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Bushmaster XM-15, serial number L534858, and followed up with a fax to the National Tracing Center later that afternoon. Obviously, Mr. LaGuercia’s assistance alerted the ATF to facts they had not known up to that point. The Riverview/LaGuercia FFL remained in place, more than 4 full months after the conclusion of the two-day revocation hearings, in which all the violations cited in the FFL revocation notice had been detailed, in testimony and documents. The evidence also covered Krystopher DiBella’s interactions with a felon, something the ATF acknowledged under oath occurred without Mr. LaGuercia’s knowledge and participation. From the first week of August, 2012, until December 14, 2012, the ATF and United States government had chosen to permit Riverview and Mr. LaGuercia to continue operating as an FFL. Two days later, on December 16, ATF Special Agent Brian Higgins contacted Riverview, informed Mr. LaGuercia he wanted to come to the store to meet, retrieve the Lanza 4473s, and to make any necessary inquiries concerning Lanza and her purchases. Again, with the FFL still in place, Mr. LaGuercia and Riverview complied, voluntarily met with the ATF, Riverview Sales, which was closed at the time, and provided documents and other information, and all without a warrant. On December 17, SA Higgins called again, concerning two 4473s for guns unrelated to Sandy Hook, came to Riverview and took the documents, with nothing less than full cooperation from Mr. LaGuercia and Riverview. That same day, December 17, ATF Industry Operation Supervisor Tim Gahm, informed Jillair Kubish, the ATF Area Supervisor, that the ATF had previously cited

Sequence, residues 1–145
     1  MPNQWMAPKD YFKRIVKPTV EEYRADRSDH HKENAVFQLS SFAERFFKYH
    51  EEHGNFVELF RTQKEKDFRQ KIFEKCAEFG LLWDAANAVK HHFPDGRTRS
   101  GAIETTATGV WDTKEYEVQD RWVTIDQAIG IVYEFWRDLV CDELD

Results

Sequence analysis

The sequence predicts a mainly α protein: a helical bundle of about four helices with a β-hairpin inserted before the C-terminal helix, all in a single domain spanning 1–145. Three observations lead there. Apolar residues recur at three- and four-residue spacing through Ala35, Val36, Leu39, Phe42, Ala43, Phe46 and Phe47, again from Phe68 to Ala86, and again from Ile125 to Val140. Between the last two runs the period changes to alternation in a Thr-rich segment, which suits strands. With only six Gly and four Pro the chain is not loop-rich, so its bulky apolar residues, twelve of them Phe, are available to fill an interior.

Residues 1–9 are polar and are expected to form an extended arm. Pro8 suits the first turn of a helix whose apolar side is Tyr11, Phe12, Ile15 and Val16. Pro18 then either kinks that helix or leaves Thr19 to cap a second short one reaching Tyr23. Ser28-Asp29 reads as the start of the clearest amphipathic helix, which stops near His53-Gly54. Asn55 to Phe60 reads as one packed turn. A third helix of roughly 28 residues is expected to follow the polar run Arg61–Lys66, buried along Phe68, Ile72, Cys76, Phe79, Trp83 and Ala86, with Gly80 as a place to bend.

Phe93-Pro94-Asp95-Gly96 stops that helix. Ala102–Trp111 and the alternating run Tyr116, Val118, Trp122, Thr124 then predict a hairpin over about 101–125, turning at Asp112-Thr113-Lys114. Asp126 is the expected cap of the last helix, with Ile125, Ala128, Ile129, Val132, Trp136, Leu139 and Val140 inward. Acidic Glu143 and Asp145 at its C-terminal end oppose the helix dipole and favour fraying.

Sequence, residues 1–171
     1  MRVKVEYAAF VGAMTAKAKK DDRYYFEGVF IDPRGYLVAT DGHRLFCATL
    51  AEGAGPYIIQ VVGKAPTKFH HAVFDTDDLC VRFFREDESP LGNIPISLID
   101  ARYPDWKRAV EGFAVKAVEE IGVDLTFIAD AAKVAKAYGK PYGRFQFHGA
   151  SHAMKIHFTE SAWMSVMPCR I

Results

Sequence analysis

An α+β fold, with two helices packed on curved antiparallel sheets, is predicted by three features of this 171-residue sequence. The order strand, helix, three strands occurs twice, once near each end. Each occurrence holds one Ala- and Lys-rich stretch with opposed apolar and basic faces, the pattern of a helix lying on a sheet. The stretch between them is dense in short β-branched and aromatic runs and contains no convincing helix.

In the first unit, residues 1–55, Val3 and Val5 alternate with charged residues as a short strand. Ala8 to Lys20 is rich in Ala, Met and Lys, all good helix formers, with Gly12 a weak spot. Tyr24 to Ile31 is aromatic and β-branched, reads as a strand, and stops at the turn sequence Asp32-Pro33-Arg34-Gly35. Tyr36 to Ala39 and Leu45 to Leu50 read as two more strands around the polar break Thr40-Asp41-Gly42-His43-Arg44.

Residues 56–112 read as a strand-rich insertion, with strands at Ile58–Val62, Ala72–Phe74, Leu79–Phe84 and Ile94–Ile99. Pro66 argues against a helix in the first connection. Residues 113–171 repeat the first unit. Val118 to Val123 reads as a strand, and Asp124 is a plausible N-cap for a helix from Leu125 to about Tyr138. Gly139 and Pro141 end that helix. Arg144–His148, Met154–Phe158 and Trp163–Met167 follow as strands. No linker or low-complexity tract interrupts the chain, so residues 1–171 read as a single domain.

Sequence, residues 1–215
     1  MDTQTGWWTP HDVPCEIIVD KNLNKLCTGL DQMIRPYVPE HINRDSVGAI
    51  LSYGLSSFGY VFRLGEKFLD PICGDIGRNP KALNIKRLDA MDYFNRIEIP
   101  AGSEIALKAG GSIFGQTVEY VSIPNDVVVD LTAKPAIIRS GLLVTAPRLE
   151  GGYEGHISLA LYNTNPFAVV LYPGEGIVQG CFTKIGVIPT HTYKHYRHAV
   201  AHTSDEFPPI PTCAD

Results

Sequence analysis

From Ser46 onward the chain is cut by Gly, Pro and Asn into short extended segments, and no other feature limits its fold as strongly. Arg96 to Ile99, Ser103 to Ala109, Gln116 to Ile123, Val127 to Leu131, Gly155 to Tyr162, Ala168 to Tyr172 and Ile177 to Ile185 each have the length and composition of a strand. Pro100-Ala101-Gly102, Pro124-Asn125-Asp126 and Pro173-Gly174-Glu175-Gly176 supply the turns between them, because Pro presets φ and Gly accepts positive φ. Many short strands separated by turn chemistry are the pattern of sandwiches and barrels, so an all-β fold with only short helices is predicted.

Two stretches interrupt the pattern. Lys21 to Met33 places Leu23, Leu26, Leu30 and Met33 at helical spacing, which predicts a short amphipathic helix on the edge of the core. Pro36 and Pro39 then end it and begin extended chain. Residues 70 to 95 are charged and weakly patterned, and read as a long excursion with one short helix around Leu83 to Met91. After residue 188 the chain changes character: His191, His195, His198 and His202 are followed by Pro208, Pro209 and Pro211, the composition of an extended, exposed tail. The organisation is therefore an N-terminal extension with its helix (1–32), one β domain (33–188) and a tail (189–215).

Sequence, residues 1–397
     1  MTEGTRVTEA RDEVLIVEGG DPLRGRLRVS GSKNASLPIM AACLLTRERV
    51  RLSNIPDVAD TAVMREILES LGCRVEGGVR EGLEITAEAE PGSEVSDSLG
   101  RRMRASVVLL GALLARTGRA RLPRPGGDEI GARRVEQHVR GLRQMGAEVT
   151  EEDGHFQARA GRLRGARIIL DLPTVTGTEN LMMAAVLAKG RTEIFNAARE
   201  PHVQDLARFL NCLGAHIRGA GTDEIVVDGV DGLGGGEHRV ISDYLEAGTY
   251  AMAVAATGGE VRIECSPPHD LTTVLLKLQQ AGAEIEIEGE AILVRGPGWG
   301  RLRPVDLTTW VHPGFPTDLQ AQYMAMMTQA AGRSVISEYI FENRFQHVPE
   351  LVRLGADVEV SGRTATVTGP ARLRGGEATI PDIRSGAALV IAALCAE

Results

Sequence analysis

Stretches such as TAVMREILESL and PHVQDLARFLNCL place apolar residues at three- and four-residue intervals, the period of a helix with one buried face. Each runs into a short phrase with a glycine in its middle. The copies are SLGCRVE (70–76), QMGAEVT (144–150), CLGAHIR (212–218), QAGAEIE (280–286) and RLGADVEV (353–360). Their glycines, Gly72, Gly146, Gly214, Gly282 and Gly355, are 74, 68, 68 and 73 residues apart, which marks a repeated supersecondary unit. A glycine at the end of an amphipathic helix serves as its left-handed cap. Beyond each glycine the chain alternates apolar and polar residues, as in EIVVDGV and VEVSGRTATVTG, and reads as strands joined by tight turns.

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Riverview for a record keeping violation involving the transfer of the Bushmaster to Nancy Lanza, during the course of the 2011 ATF Firearms Compliance Inspection of Riverview Sales. He informed her that Riverview was cited under 27 CFR 478.125(e), 18 U.S.C. 922(m) for having a disposition date that was prior to the authorization date. That violation was typical of the Riverview violations, in that it was a technical violation of the law, but endangered no one. Both Gahm and Kubish had appeared for the government in the revocation proceeding and were fully conversant in the allegations and evidence presented at the hearing. However, notwithstanding the volume of the allegations cited in the amended revocation notice, the nature of the evidence presented by the government in the hearing, and the procedural history of Riverview in connection with ATF inspections, Riverview’s FFL remained in place, and after December 17 no further ATF requests for documentation or information were posed to Riverview. On December 18, with the FFL still in place, the ATF could have come to Riverview and retrieved all of the documents eventually seized on December 20, without a warrant, and chose to refrain from doing so. The same is true for the following day, Wednesday, December 19. For those two days, it appears the government knew it had a political problem: the ATF had known about Nancy Lanza for months, done nothing about it, and now they knew her son had used a cited weapon in the massacre. This should not have been a problem, for there was absolutely no way that a minor technical citation should have led the ATF to follow up with Mrs. Lanza. However, it apparently may have influenced the government’s action, and the resulting impact on Riverview and Mr. LaGuercia.